Percival Lowell


Percival Lowell : biography

March 13, 1855 – November 12, 1916


Lowell’s greatest contribution to planetary studies came during the last decade of his life, which he devoted to the search for Planet X, a hypothetical planet beyond Neptune. Lowell believed that the planets Uranus and Neptune were displaced from their predicted positions by the gravity of the unseen Planet X. Lowell started a search program in 1906 using a camera in aperture. The small field of view of the reflecting telescope rendered the instrument impractical for searching. From 1914 to 1916, a telescope on loan from Sproul Observatory was used to search for Planet X. Although Lowell did not discover Pluto, Lowell Observatory (690) did photograph Pluto in March and April 1915.

In 1930 Clyde Tombaugh, working at the Lowell Observatory, discovered Pluto near the location expected for Planet X. Partly in recognition of Lowell’s efforts, a stylized P-L monogram (

Although Lowell’s theories of the Martian canals, of surface features on Venus, and of Planet X are now discredited, his practice of building observatories at the position where they would best function has been adopted as a principle. He also established the program and setting which made the discovery of Pluto by Clyde Tombaugh possible. Craters on the Moon and on Mars have been named after him. Lowell has been described by other planetary scientists as "the most influential popularizer of planetary science in America before Carl Sagan".

While eventually disproved, Lowell’s vision of the Martian canals as an artifact of an ancient civilization making a desperate last effort to survive, significantly influences the development of science fiction – starting with H.G. Wells’ influential The War of the Worlds, which made the further logical inference that creatures from a dying planet might seek to invade Earth.

The image of the dying Mars and its ancient culture was retained, in numerous versions and variations, in most SF works depicting Mars in the first half of the twentieth century (see Mars in fiction). Even when proven to be factually mistaken, the vision of Mars derived from his theories remains enshrined in works that remain in print and widely read as classics of science fiction.

Lowell’s influence on science fiction remains strong. The canals figure prominently in Red Planet by Robert A. Heinlein (1949) and The Martian Chronicles by Ray Bradbury (1950).


Percival Lowell was a scion of the Boston, Massachusetts Lowell family. Lowell was born in Cambridge. Lowell is the brother of Abbott Lawrence Lowell and Amy Lowell.

Percival graduated from the Noble and Greenough School in 1872 and Harvard University in 1876 with distinction in mathematics. At his college graduation, he gave a speech, considered very advanced for its time, on the "Nebular Hypothesis." He was later awarded honorary degrees from Amherst College and Clark University. After graduation he ran a cotton mill for six years.

In the 1880s, Lowell traveled extensively in the Far East. In August 1883, he served as a foreign secretary and counsellor for a special Korean diplomatic mission to the United States. He lived there for about two months. He also spent significant periods of time in Japan, writing books on Japanese religion, psychology, and behavior. His texts are filled with observations and academic discussions of various aspects of Japanese life, including language, religious practices, economics, travel in Japan, and the development of personality. Books by Percival Lowell on the Orient include Chosön: The Land of the Morning Calm (1886, Boston), Noto: An Unexplored Corner of Japan (1891) and Occult Japan, or the Way of the Gods (1894); the latter from his third and final trip to the region. The most popular of Lowell’s books on the Orient, The Soul of the Far East, (1888) contains an early synthesis of some of his ideas, that in essence, postulated that human progress is a function of the qualities of individuality and imagination. His time in Korea inspired Chosön: The Land of the Morning Calm.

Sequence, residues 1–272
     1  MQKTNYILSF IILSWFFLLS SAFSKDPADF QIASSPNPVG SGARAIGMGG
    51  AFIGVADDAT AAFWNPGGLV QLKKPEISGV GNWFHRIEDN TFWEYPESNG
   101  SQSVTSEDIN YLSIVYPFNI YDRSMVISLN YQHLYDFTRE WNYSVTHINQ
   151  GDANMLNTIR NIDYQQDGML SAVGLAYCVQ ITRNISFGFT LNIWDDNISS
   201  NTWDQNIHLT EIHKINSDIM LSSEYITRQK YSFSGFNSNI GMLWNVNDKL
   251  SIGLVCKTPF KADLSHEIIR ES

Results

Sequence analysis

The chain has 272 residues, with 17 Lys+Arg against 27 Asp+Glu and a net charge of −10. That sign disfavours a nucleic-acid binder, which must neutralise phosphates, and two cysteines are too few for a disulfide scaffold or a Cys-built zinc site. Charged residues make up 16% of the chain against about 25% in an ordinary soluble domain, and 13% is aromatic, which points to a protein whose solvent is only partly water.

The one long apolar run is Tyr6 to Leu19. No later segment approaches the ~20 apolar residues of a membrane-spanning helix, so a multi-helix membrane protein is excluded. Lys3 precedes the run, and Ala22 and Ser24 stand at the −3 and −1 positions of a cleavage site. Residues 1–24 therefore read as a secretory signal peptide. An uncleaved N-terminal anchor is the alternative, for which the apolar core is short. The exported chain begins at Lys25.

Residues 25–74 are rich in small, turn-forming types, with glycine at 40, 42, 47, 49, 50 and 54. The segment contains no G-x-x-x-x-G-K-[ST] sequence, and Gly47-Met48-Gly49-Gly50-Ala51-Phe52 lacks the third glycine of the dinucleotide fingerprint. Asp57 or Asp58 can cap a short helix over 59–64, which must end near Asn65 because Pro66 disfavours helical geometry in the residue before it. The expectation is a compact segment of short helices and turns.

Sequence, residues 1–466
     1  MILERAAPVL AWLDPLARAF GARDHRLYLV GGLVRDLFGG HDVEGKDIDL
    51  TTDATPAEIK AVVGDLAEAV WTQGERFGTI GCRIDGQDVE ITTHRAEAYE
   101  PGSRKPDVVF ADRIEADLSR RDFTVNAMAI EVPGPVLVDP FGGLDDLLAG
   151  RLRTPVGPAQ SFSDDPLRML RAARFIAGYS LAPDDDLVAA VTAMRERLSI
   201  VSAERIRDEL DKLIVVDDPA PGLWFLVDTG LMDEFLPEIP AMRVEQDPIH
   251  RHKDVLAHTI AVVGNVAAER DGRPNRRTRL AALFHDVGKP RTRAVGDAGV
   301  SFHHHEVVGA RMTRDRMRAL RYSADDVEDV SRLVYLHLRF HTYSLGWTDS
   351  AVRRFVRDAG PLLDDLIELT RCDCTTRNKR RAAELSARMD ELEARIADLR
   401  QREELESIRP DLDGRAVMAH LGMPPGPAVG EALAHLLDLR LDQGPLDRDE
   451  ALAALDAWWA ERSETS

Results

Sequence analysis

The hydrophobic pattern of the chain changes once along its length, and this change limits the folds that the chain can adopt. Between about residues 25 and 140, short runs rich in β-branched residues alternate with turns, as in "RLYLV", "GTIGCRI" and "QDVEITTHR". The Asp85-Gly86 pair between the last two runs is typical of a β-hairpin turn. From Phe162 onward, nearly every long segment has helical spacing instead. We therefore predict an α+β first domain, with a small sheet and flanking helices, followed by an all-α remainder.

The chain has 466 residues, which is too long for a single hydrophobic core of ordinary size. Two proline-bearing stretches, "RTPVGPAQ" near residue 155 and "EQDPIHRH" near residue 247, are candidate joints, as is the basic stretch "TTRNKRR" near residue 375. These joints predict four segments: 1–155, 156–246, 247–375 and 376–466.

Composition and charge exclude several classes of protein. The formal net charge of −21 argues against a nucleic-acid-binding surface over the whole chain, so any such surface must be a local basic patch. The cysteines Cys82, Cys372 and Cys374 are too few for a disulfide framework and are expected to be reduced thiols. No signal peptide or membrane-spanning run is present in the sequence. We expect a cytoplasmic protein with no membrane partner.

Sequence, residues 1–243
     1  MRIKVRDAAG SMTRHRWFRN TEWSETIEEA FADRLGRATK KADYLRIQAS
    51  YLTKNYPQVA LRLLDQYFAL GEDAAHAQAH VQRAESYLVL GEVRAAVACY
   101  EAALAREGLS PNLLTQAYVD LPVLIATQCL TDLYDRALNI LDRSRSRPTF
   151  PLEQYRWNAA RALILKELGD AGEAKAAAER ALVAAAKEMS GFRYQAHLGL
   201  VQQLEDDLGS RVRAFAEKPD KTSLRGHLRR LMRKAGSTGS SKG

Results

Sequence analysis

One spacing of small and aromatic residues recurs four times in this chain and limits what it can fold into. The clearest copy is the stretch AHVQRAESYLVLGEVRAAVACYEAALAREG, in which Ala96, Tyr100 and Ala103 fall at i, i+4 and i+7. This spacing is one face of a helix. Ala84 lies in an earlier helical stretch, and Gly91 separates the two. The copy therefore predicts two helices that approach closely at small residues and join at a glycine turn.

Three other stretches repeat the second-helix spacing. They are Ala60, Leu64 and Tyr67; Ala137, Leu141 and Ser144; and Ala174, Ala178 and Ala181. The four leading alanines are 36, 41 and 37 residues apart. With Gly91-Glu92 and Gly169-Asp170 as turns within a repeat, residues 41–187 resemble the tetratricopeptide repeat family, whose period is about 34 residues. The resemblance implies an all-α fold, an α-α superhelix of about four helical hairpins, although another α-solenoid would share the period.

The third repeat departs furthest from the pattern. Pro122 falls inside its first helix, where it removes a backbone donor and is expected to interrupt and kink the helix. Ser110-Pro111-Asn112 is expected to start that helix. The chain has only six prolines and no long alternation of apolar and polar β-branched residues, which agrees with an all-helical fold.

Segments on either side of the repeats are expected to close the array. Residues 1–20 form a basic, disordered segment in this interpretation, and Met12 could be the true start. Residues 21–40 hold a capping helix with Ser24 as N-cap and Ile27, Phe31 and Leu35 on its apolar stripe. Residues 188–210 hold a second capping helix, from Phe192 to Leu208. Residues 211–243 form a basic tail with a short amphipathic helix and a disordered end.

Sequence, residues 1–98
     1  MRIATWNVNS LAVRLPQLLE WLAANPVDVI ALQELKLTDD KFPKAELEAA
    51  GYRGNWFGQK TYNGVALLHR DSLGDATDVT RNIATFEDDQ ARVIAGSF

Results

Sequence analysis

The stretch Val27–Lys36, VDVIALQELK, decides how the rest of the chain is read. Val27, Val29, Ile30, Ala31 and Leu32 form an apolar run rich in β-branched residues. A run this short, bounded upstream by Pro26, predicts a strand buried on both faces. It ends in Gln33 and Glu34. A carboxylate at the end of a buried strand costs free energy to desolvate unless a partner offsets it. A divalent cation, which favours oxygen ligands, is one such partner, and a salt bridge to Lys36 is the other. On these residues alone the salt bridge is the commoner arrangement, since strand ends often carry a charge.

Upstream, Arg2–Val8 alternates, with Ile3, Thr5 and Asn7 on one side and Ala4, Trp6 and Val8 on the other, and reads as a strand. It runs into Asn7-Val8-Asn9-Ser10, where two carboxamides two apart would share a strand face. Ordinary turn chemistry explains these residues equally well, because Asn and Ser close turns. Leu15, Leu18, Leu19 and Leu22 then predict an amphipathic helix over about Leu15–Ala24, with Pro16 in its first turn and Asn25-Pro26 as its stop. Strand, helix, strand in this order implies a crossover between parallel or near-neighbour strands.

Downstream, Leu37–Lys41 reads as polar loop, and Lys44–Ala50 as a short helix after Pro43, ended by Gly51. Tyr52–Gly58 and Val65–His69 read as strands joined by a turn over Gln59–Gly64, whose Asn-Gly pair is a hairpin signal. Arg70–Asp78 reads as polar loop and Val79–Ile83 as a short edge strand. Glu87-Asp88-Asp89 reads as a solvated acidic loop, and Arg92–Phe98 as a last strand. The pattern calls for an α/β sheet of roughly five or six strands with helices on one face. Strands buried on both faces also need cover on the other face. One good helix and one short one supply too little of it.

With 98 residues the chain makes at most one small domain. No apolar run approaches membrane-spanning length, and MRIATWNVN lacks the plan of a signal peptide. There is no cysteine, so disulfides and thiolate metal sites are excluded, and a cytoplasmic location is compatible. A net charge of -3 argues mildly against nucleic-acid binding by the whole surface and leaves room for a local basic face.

He was elected a Fellow of the American Academy of Arts and Sciences in 1892. He moved back to the United States in 1893. Beginning in the winter of 1893-94, using his wealth and influence, Lowell dedicated himself to the study of astronomy, founding the observatory which bears his name. For the last 23 years of his life astronomy, Lowell Observatory, and his and others’ work at his observatory were the focal points of his life. He lived to be 61 years of age.

World War I very much saddened Lowell, a dedicated pacifist. This, along with some setbacks in his astronomical work (described below), undermined his health and contributed to his death from a stroke on November 12, 1916.Croswell, Kenneth, Planet Quest: The Epic Discovery of Alien Solar Systems (1997), pg. 49

On his religious views, Lowell was an agnostic.

Another of his books is The Eve of the French Revolution (1892). Lowell is buried on Mars Hill near his observatory.


  • Percival Lowell – Collected Writings on Japan and Asia, including Letters to Amy Lowell and Lafcadio Hearn, 5 vols., Tokyo: Edition Synapse. ISBN 978-4-901481-48-9